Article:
Saturday, December 5, 2015 - Carnegie Mellon, Baker Hall, Dean’s Conference Room, 154R
A variety of phenomena have motivated researchers to distinguish between different types of linguistic content. One classical distinction is that made by Austin (1962) and Searle (1969) between the propositional content of utterances and their speech act force. Another classical distinction is that between assertoric and presupposed content (Frege 1893, Strawson 1950, Stalnaker 1974, inter alia). In recent years, a new distinction between at-issue and not at-issue content (Potts 2005, Simons et al. 2010) has been introduced, to some extent offered as a replacement for the asserted/presupposed distinction. One empirical domain where the at-issue/not at-issue distinction has been utilized by some researchers is in the study of evidentials, a category of linguistic forms which provide information about the speaker’s evidential relation to the (remaining) content of her utterance.
This one day workshop will bring together researchers with intersecting work on the nature of these distinctions, on the empirical evidence for them, and on how to model them.
The Fifteenth conference on Theoretical Aspects of Rationality and Knowledge was held at Carnegie Mellon University from June 4-6, 2015.
Workshop on Epistemology, Logic, and Games
December 3, 2014, at Baker Hall 150, Carnegie Mellon University
Joseph Y. Halpern: Game Theory With Translucent Players
Abstract: A traditional assumption in game theory is that players are opaque to one another - if a player changes strategies, then this change in strategies does not affect the choice of other players' strategies. In many situations this is an unrealistic assumption. We develop a framework for reasoning about games where the players may be translucent to one another; in particular, a player may believe that if she were to change strategies, then the other player would also change strategies. I show that by assuming translucent players, we can recover many of the regularities observed in human behavior in well-studied games such as Prisoner's Dilemma, Traveler's Dilemma, Bertrand Competition, and the Public Goods game. I then consider solution concepts appropriate for translucent players. I characterize the analogues of rationalizability and Nash equilibrium for translucent players. The former is de ned in terms of an analogue of common belief of rationality: Common Counterfactual Belief of Rationality (CCBR) holds if (1) everyone is rational, (2) everyone counterfactually believes that everyone else would still be rational even if i were to switch strategies), (3) everyone counterfactually believes that everyone else is rational, and counterfactually believes that everyone else is rational, and so on. CCBR characterizes the set of strategies surviving iterated removal of minimax-dominated strategies, where a strategy s for playeriis minimax dominated bys'if the worst-case payoff foriusings'is better than the best possible payoff usings.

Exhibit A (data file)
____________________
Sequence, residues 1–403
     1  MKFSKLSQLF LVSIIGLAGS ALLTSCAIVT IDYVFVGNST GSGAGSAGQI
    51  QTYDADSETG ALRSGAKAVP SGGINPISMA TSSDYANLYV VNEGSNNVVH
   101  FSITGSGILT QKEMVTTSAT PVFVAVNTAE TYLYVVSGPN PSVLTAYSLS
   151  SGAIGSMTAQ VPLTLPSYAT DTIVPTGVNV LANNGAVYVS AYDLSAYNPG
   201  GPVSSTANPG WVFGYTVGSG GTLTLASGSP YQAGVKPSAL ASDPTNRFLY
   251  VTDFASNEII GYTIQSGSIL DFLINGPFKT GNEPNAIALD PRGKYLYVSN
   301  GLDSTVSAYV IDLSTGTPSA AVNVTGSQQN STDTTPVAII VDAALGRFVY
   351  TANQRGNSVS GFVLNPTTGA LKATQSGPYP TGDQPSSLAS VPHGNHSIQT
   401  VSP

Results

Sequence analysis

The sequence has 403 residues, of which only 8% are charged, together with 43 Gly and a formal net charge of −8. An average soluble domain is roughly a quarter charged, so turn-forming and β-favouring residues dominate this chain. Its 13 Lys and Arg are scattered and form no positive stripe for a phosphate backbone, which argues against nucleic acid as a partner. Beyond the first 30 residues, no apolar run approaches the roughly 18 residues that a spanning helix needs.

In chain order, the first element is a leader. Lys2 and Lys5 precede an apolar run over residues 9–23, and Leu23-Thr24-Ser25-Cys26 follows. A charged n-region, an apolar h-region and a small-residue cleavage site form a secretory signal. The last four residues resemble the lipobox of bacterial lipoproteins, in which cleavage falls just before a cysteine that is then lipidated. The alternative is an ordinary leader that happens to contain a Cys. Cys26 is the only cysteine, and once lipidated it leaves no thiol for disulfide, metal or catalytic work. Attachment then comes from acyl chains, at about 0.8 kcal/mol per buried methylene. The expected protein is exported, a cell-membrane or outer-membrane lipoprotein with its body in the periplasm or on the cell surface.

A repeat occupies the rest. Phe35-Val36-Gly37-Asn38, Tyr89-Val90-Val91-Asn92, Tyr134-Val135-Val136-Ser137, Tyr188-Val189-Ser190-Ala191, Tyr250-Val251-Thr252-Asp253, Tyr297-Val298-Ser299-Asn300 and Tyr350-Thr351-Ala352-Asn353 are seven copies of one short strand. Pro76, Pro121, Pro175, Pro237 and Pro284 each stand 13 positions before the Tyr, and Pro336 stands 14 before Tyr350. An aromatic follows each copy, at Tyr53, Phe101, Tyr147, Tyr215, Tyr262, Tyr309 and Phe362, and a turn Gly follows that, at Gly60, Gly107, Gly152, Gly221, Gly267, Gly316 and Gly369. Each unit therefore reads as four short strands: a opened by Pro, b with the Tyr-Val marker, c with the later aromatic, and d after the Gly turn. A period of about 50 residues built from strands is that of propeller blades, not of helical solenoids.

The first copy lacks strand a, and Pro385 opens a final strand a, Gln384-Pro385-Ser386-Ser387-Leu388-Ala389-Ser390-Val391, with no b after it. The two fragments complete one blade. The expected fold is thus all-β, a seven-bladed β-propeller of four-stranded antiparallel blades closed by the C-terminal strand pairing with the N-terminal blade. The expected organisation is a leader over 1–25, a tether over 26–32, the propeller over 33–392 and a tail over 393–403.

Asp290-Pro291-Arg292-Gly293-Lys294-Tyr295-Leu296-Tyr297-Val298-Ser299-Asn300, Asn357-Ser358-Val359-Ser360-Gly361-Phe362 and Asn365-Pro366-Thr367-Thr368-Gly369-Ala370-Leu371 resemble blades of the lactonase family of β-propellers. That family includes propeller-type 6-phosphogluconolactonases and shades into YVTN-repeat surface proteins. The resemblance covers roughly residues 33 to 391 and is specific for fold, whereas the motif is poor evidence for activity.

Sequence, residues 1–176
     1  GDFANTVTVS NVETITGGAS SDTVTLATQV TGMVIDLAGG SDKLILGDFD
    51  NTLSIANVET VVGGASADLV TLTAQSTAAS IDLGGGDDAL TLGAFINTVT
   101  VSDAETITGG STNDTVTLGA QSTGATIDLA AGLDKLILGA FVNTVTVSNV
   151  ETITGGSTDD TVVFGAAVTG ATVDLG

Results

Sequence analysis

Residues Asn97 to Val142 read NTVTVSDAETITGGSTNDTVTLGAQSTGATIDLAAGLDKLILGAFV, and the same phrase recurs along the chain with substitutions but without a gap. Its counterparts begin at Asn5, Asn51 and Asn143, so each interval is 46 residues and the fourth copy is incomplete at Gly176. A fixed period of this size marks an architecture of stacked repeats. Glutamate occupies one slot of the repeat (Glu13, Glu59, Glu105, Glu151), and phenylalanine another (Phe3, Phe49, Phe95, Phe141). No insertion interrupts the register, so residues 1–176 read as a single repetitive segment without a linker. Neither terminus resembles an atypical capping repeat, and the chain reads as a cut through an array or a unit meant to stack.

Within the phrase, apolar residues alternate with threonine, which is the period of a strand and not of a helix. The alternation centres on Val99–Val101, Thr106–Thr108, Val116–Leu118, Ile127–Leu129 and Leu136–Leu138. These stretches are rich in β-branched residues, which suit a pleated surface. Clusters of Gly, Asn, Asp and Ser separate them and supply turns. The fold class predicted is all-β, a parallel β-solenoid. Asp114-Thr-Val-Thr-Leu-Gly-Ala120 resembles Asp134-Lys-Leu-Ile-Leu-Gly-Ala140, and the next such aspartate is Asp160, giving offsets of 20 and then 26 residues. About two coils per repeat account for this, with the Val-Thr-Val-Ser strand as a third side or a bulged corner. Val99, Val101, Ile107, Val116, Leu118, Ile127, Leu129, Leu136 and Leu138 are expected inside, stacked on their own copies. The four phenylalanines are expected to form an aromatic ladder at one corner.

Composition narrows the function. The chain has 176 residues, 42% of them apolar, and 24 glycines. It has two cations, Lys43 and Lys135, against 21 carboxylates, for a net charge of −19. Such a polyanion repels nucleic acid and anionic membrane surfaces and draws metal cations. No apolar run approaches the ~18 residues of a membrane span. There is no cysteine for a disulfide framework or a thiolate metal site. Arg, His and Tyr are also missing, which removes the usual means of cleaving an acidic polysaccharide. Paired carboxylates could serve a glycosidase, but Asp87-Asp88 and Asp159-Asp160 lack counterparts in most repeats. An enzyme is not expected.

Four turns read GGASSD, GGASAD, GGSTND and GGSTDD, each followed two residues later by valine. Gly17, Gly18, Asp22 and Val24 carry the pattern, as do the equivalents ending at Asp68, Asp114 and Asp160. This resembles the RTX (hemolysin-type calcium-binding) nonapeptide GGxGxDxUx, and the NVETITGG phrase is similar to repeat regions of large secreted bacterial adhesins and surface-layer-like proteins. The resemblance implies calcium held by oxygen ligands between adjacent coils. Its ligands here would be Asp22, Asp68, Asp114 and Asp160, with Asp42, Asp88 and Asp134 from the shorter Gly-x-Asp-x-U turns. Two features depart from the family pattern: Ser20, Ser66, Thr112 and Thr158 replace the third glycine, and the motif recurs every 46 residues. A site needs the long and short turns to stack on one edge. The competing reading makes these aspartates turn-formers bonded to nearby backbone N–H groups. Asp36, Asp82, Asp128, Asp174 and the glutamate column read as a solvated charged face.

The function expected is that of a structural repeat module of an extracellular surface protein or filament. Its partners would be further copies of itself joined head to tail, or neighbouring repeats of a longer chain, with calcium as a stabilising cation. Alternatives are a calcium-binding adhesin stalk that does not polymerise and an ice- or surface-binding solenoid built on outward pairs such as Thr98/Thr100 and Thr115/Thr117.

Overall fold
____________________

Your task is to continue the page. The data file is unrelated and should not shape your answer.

This first part of the talk represents joint work with Valerio Capraro; the second part represents joint work with Rafael Pass.
Abstract:Type spaces were introduced by John Harsanyi as a formal mechanism for modeling games of incomplete information. In particular, in a Bayesian game types encode payoff-relevant information, a typical example being how each participant values the items in an auction. On the other hand, type spaces have also been co-opted for the epistemic analysis of games of complete information: in this context, types serve as modeling tools that provide a succinct representation of the players' hierarchical beliefs.
One might wonder whether these two applications can work in combination: in a Bayesian game, can the players' (hierarchical) beliefs themselves count as payoff-relevant characteristics? The answer to this question is no for a wide class of beliefs (specifically, all beliefs about strategies); however, we show that by generalizing the classical setting to distinguish between two notions of strategy - what we call "intended" versus "actual" strategies - this limitation can be circumvented. The resulting class of models is flexible enough to capture psychological games (in which preferences can depend on feelings like guilt or surprise), and provides a natural setting in which to endogenize the reference point that figures centrally in prospect theory. Moreover, under the plausible assumption that, in equilibrium, intended and actual strategies line up, we show that equilibria do not exist in general, and establish conditions for existence in terms of the richness of the associated type space.